The latest episode of the Talk Show, “The Next Big Thing (feat. MG Siegler)” got me thinking about Yahoo!, and what Marissa Mayer could do to make it a great company again.
I’m sure Ms. Mayer is full of great ideas for what to do with Yahoo!. I’m sure, too, that she’s receiving far more suggestions than she requires. But I haven’t seen anyone suggesting this one.
In case you need/want it, here’s a TL;DR jump.
From my woefully under-informed position, it seems that Yahoo! is currently crammed into a corner while Google, Microsoft, Amazon and maybe even the likes of Apple and Thompson Reuters take up most of the dance floor. Trying to displace Google in the search market seems a tall order. Yahoo! is currently partnered with Microsoft for search capabilities, which makes competing with them on any of their other hobbies awkward. As John Gruber points out in this episode, Yahoo!’s content generation/syndication causes seem to have given up to Google News and real players like Thompson Reuters. A mobile play—at the top of anyone’s list these days—seems crazy, too, as that club has a line wrapping around the corner. Only one of the companies in that list above doesn’t have a mobile platform/device.
What does Yahoo! do really well? What could they do even better? What could they do better than anybody else?
Before I let loose this cerebral flatulence, let me point out the obvious flaw in my idea: I don’t know how to monetize it. That’s your job. I’m just an idea guy. The only dollar signs in any of the textbooks involved in my higher education were either in variable names or world problems having to do with the cost of a ticket for a train leaving Chicago at 7:20 AM, whilst another train left Philadelphia at 7:35 AM.
John Gruber and MG Siegler set a goal for Yahoo! in that episode(paraphrased):
Get an app on the home screen of every mobile device.
I have no idea what app Yahoo! could create that would achieve that goal. I do have an idea that could easily, though, net them several apps on that home screen.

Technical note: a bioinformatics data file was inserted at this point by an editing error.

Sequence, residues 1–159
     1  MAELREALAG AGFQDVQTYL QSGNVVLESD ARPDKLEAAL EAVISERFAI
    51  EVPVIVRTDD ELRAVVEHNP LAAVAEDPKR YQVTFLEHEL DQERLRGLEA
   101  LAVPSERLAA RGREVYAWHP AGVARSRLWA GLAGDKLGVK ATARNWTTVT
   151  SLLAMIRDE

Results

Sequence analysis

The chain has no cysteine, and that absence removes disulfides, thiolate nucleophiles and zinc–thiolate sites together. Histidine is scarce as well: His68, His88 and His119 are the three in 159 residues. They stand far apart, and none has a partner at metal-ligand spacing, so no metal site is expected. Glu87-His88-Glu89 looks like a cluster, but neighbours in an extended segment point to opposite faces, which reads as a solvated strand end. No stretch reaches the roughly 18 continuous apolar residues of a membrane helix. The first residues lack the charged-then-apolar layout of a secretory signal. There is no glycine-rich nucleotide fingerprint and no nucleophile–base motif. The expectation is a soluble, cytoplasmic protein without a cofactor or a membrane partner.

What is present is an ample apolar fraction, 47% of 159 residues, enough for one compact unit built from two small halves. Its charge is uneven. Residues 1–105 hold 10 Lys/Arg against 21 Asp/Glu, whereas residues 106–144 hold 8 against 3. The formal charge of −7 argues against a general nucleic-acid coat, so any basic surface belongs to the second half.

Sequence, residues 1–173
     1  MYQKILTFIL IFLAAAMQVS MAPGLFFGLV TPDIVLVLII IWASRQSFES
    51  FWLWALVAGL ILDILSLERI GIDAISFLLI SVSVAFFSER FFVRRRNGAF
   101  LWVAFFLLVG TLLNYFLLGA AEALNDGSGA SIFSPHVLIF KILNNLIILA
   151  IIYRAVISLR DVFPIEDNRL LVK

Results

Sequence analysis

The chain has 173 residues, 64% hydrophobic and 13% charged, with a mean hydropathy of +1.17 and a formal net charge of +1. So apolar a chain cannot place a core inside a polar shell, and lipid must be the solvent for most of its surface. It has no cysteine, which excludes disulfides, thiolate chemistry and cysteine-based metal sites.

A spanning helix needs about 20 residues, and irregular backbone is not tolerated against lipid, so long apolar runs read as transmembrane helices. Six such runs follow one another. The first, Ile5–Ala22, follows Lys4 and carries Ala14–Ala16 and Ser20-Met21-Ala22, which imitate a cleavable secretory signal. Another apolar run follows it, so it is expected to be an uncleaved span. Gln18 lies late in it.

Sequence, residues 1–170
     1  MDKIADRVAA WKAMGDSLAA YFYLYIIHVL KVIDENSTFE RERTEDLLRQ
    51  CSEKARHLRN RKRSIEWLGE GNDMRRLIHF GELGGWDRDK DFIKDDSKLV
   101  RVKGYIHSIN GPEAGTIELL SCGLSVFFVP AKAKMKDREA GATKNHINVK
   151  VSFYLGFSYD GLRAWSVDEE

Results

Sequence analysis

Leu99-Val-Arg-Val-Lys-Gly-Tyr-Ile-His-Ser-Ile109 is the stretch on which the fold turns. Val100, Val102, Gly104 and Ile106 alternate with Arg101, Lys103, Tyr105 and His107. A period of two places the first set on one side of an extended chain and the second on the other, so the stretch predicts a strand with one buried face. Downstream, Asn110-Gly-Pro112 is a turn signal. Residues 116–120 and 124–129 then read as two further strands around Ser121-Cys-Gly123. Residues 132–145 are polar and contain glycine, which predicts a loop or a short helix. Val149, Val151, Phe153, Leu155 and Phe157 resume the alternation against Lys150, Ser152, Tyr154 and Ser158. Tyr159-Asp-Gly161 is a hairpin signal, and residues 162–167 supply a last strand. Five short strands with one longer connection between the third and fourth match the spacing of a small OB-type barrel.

Yahoo! and The Web
For the past few years, if you were learning to write software for just about any platform, the second application you’d write, after a “Hello World” is a Twitter client. For many years before that, it was a Flickr client. Yahoo! has always been one of the companies that best understood how the Web really needed to work—that you didn’t really have a service until you had an API.
Far as I can tell, Yahoo! has a nigh unchallenged stronghold on API-enabled online content platforms. If you’re Apple, apparently, and you want stock market data, or weather data, or sports scores and news, you turn to Yahoo!. That’s a ringing endorsement. What I definitely don’t understand is how this part of your business works. At Polycom I worked with a team of lawyers and outreach people to try to contact someone at Yahoo! to negotiate a similar contract to embed Yahoo! data in Polycom products. I scoured the Yahoo! site for contact information. There’s a single, unpromising form. I found phone numbers on message boards and called them all. Our lawyers called people. One of our outreach people tried to call in a favor from a college friend. We could never get a return call from Yahoo!. Apparently Yahoo! doesn’t make money from this, or they really like exclusivity.
Yahoo! has an oddly quiet, but impressive technology story. Someone lured Douglas Crockford there in 2005, though he left for PayPal this May. While there, Crockford worked on YUI!, one of the web’s first big UI kits. These days you can choose from a few dozen: jQuery UI, Twitter Bootstrap, Zurb Foundation, a couple from Sencha, etc. Not only was YUI! one of the first sets of interface elements, it was one of the very first libraries to include highly interactive, animated, AJAX-powered interface elements in a web UI library.